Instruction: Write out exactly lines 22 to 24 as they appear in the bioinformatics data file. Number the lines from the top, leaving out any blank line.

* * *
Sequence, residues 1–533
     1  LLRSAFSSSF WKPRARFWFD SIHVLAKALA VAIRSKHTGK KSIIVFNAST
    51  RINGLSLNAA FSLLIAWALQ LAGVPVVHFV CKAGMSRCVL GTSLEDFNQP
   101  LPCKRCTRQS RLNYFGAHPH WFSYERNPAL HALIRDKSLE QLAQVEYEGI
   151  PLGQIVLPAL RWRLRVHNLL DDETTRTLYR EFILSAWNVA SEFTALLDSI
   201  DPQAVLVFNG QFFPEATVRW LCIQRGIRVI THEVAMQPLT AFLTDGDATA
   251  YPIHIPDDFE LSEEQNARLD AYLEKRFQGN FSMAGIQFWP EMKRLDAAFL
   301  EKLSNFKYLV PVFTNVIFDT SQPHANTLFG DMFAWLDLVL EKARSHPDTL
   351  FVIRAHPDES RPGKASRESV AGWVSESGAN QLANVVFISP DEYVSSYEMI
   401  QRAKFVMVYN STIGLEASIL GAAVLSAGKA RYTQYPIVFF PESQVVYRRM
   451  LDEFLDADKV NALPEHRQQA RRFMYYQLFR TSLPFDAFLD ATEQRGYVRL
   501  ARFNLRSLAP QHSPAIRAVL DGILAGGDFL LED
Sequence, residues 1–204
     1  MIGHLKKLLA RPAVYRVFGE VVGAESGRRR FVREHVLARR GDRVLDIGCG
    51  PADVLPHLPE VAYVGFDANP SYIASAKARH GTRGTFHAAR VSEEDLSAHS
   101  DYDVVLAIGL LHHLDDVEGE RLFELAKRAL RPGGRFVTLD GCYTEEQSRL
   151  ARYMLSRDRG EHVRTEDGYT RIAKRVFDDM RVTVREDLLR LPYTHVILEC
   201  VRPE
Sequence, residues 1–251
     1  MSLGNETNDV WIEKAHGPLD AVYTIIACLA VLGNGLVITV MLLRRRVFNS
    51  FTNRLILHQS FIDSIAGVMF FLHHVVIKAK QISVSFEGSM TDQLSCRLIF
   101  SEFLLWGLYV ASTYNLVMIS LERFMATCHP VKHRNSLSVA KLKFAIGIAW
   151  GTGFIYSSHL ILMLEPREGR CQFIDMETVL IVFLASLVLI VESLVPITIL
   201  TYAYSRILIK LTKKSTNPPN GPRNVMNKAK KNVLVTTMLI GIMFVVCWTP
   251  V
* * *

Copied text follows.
   101  SEFLLWGLYV ASTYNLVMIS LERFMATCHP VKHRNSLSVA KLKFAIGIAW
   151  GTGFIYSSHL ILMLEPREGR CQFIDMETVL IVFLASLVLI VESLVPITIL
   201  TYAYSRILIK LTKKSTNPPN GPRNVMNKAK KNVLVTTMLI GIMFVVCWTP